Notes on the built environment of Kuching, Sarawak in Malaysian Borneo
By Edgar Allan M. Sembrano
The port City of Kuching, located on the western coast of the Malaysian Borneo was founded by Sir James Brooke in 1839. Kuching, together with the whole of Sarawak were previously under the control of the Brunei Sultanate. Brooke who was a military man under the British flag and the British East India Company became the rajah of Sarawak when that title was conferred to him by the Sultan of Brunei Pengiran Mahkota in 1841 and in perpetuity in 1846. It was conferred to him after he helped the sultanate defeat a rebellion lodged by members of the Bidayuh and Malay indigenous groups in the late 1830s. In 1863, Brooke returned to England and was replaced by his nephew Sir Charles Anthony Brooke as the raja in 1864. Following the death of Charles Brooke in 1917, he was succeeded by his son Sir Charles Vyner de Windt Brooke who served until 1946. These three Brookes are known as the White Rajas of Sarawak, the leaders of the Brooke Raj or the dynasty of British rajas in pre-Malaysia Sarawak. These three were instrumental in the construction of the architectural landmarks that we see today in Kuching
19th century Sarawak
Architectural historian John Ting of the University of Canberra in Australia describes the architecture of the Northwest Borneo (Sarawak) in the early 19th century as Austronesian, specifically as the Southeast Asian Austronesian houses. These houses are identified as raised, built of local materials, composed of three parts which are the space below the house normally for animals, living area, and roof and built on the belief that these are living structures. This type of dwelling is widespread in the riverine communities called kampung in Sarawak which includes Kuching prior to the arrival and during the reign of the British rajas.
Another form of indigenous architecture is the Malay house which basically rectangular in form with steep roof. Aside from these, there were also the typical longhouses and mosques which were all made of light materials. The mosques then follow the traditional form widely practiced in Southeast Asia – squarish in form with pyramidal roof.
During the reign of Charles Brooke, a number of fortifications were constructed in key areas of Sarawak including Kuching as defense posts against possible attacks from local indigenous groups. Structures of civic and religious importance were also constructed in Kuching in the 19th century.
The city then was a self-segragated area where heterogenous communities of Chinese, Indian, and Malays live and thrive in different areas but peacefully co-existing with each other.
The construction of fortifications, government, and civic buildings in the whole of Sarawak continued through the reign of the second White Rajah.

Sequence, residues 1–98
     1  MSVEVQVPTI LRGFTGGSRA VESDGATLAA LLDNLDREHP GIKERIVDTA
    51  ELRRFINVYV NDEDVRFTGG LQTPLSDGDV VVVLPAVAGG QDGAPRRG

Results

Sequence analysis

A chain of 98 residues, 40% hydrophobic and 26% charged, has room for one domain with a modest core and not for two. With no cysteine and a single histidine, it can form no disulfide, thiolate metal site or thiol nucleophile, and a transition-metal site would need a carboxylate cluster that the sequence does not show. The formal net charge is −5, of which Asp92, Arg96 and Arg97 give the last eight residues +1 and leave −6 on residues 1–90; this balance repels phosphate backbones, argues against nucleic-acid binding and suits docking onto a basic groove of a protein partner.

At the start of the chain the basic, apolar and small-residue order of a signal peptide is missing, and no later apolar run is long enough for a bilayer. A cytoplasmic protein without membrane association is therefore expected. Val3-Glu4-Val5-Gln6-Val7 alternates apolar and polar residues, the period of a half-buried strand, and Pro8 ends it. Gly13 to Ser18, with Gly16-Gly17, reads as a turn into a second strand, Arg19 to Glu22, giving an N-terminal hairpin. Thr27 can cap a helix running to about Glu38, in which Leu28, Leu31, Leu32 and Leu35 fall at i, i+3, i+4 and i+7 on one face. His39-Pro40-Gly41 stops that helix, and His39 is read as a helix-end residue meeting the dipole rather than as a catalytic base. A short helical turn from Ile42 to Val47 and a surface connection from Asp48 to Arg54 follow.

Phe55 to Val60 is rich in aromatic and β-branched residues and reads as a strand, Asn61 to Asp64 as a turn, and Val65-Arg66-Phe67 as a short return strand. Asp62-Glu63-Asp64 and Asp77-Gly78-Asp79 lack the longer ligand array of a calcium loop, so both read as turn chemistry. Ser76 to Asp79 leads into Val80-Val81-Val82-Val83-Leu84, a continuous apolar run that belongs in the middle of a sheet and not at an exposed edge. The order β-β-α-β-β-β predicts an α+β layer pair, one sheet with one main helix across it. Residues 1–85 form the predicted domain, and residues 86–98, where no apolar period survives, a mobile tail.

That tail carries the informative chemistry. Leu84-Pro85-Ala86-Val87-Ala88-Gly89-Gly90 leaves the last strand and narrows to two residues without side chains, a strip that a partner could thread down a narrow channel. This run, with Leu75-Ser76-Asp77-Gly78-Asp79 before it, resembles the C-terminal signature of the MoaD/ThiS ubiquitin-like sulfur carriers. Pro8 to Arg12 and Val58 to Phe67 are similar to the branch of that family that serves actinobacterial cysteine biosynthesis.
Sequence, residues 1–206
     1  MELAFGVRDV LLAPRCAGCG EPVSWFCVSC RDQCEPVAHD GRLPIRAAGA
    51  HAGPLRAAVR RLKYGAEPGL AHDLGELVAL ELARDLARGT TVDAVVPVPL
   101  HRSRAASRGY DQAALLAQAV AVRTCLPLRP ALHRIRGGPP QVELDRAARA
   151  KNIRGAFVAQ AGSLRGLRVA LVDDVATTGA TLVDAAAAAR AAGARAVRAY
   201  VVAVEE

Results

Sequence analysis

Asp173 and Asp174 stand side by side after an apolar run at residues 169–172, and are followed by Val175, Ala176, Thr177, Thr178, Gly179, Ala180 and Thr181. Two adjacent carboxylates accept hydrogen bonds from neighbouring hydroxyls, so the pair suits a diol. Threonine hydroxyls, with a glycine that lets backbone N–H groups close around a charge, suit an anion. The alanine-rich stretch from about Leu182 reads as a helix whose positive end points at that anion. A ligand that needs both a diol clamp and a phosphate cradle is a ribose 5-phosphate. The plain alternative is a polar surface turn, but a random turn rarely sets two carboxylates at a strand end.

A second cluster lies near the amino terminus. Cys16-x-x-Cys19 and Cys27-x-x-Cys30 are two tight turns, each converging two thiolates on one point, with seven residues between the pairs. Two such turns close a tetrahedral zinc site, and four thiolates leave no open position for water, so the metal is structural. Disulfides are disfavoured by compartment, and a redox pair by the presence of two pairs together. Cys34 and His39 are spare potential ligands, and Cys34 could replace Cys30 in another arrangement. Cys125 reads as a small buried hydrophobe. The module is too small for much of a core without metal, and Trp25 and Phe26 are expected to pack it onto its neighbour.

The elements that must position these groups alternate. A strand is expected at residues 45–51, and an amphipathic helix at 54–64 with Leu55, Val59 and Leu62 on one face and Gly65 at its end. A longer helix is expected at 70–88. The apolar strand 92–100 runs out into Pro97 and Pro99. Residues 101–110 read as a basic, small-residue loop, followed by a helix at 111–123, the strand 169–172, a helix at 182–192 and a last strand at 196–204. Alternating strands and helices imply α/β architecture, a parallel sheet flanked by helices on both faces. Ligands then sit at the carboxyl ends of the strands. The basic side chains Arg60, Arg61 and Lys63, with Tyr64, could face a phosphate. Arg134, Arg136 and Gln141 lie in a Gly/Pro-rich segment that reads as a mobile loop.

Kuching before Malaysia
The modernization of Sarawak started in the early 20th century with various infrastructure projects from roads to subdivisions to the development of detached houses. Shophouses and longhouses remain in the architectural landscape as with the previous century.
Sarawak’s built environment was largely concentrated in Kuching, it being the capital town and government center.
Developments in Sarawak including Kuching during this period until its annexation to Malaysia in 1963 include the emergence of Western-style houses, construction of concrete dwellings, hospitals, and schools.
New shophouses were also constructed of cement. Earlier shophouses during the reign of Charles Brooke were made of wood but were replaced with bricks in the 1860s.
In Kuching in particular, new constructions include a dry dock, power station, and reservoir to name a few.
Cinemas also emerged during this period such as the Art Deco Rex and Capitol theaters.
School, civic, and commercial buildings follow the streamline moderne and the international architectural styles.
Kuching’s architectural heritage
Strolling the Waterfront, a riverside linear park in Kuching is both relaxing and pleasing to the eye as the old and new mix harmoniously with the landscape pierced by the Sarawak River.
This is part of the city’s historic center where Kuching’s old settlement was located, a riverine community of houses built of light materials.
Today, 19th to the early 21st century structures form part of its rich built environment spanning the reigns of the White Rajahs until the term of chief minister Abdul Taib Mahmud who served from 1981 to 2014.
Across the river from the Waterfront are two extant late 19th century structures that form part of the Sarawak fortifications – Fort Margherita, named after Brooke’s wife Ranee Margaret and the Astana.
The fort, constructed in 1879 originally served as a guard post against pirates but never functioned as such while the Astana, built nine years earlier was a manor house gifted to Margaret by Charles Brooke when they got married. It now serves as the official residence of the governor of Sarawak.